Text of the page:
Atomic structure

Helium electron cloud

Helium electron cloud

Although it’s often convenient to think of atoms as hard spheres (like marbles), the reality is a little different. Atoms are composed of a dense, positively charged nucleus (made up of positively charged protons, p+ and neutral neutrons, n) surrounded by a “cloud” of negatively charged electrons, e. There are equal numbers of protons and electrons, so that the positive and negative charges cancel each other out to give a neutral atom overall. When atoms gain or lose electrons and become charged (atoms cannot lose protons or neutrons under normal conditions), they are called ions.

The electron cloud is not composed of electrons directly, but actually represents a probability function. The denser an area of the cloud is, the more likely we are to find an electron there. This is a consequence of wave-particle duality (a central concept in quantum mechanics, which states that electrons and other atomic-scale objects show both wave-like and particle-like properties) and the Heisenberg uncertainty principle (another central concept, which states that you cannot know both the position and the momentum of a particle a the same time).

Atomic orbitals

IAEA logo

IAEA logo

Early in the 20th century, more advanced experimental apparatus led to several new theories about atomic structure being developed. Probably the most well-known is the Rutherford model, which has electrons orbiting a small, dense nucleus much like planets orbit the sun. The straightforward aesthetics of this image have led to it being widely adopted as a symbol of nuclear power (for example, in the logos of the IAEA and the Albuquerque Isotopes).

When full-blown theories of quantum mechanics were adopted, though, the models had to change. We currently understand the electron cloud in terms of atomic orbitals – specific regions where certain electrons are likely to be found. Each orbital represents a different probability density function.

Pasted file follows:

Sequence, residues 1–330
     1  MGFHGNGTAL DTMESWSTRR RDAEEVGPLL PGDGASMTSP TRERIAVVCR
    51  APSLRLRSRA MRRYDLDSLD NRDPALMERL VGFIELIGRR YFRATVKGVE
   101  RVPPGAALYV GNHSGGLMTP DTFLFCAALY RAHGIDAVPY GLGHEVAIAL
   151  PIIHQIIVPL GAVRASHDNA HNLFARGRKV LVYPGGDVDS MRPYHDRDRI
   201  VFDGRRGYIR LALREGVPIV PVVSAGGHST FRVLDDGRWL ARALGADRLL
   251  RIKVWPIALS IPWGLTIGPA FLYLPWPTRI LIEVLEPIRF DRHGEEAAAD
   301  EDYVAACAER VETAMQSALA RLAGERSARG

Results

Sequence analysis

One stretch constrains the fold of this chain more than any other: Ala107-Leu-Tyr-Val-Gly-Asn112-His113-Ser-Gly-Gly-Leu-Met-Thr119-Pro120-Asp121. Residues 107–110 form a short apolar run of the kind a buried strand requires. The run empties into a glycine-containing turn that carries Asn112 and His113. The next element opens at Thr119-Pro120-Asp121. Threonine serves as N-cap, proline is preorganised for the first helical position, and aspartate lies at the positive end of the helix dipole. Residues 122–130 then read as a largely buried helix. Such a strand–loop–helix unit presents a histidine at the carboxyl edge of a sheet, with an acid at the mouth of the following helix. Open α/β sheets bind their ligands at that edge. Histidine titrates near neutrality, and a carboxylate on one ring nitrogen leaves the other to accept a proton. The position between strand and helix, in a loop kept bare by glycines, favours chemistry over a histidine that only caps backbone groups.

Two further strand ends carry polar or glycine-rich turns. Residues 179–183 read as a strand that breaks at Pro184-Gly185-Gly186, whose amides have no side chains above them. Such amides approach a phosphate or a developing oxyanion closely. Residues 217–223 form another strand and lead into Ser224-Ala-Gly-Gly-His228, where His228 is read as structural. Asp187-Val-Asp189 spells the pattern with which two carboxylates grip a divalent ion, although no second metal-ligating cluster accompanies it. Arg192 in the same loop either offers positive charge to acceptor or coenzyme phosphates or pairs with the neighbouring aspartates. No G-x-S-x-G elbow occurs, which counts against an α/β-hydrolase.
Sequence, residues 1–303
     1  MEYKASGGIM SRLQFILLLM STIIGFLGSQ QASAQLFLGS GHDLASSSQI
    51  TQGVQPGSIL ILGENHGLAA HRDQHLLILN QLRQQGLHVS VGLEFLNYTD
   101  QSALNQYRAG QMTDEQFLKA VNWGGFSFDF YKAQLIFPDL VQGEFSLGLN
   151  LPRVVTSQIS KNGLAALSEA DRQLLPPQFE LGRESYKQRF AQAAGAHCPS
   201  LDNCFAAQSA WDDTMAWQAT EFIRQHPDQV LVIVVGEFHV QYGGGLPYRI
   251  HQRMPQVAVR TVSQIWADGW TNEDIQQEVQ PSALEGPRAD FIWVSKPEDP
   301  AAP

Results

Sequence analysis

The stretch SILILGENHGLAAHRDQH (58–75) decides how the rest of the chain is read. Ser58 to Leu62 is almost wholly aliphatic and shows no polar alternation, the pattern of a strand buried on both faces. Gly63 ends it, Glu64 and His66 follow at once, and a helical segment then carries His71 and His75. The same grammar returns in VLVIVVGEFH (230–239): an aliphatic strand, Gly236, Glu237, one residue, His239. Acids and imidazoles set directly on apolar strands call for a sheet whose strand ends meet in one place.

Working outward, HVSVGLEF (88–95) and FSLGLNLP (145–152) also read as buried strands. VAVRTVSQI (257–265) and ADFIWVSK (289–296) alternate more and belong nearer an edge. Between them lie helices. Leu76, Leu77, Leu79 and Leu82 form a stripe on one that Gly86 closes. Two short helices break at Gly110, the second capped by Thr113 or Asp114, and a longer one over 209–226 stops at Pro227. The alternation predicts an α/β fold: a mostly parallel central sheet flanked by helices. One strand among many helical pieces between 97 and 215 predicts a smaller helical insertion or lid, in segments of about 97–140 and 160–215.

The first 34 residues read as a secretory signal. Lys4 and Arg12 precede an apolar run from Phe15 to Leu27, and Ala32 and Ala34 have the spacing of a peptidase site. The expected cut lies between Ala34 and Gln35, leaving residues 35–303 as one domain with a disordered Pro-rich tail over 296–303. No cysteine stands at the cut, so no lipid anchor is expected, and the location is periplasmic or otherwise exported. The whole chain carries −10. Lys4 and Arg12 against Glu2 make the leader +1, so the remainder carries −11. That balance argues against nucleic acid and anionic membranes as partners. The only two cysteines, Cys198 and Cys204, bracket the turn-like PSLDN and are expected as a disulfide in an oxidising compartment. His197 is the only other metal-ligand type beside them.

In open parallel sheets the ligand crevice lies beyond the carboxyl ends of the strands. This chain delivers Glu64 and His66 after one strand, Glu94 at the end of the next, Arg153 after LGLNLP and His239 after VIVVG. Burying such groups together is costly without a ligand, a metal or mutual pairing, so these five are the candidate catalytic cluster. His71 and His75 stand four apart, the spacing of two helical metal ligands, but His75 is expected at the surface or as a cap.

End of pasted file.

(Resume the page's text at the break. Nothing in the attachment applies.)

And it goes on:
If an atom is very large, it will have lots of protons in its nucleus. It therefore needs lots of electrons to balance all the positive charge, and hence needs lots of atomic orbitals to accommodate them. Conversely, a small atom may only need one or two orbitals.

Atomic orbitals are described by three quantum numbers:

  • The principal quantum number n tells us about orbital energy (referred to as an energy level)
  • The orbital angular momentum quantum number l tells us about orbital shape
  • The magnetic quantum number ml tells us about orbital alignment
A typical p-orbital

A typical p-orbital

For example, an s-orbital (l=0) is spherical, and so is the same in all directions. A p-orbital (l=1) is figure-of-eight shaped, and may be aligned in one of three directions (commonly represented by the three Cartesian axes x, y and z).

Molecular orbitals

A molecular orbital of formaldehyde

A molecular orbital of formaldehyde (CH2O)

When atoms form bonds to make molecules, they are sharing electrons and the atomic orbitals overlap to form molecular orbitals. These are quite similar to the atomic orbitals, but the electrons are delocalised – spread out over the entire molecule rather than being concentrated on the individual atoms. This means that when we study the electrons in a molecule, we cannot tell which atom the electrons came from – they “belong” to the molecule as a whole. Molecular orbitals are much more complicated than atomic orbitals, as there are several different nuclei and many more electrons for us to consider, but share many of the same properties.

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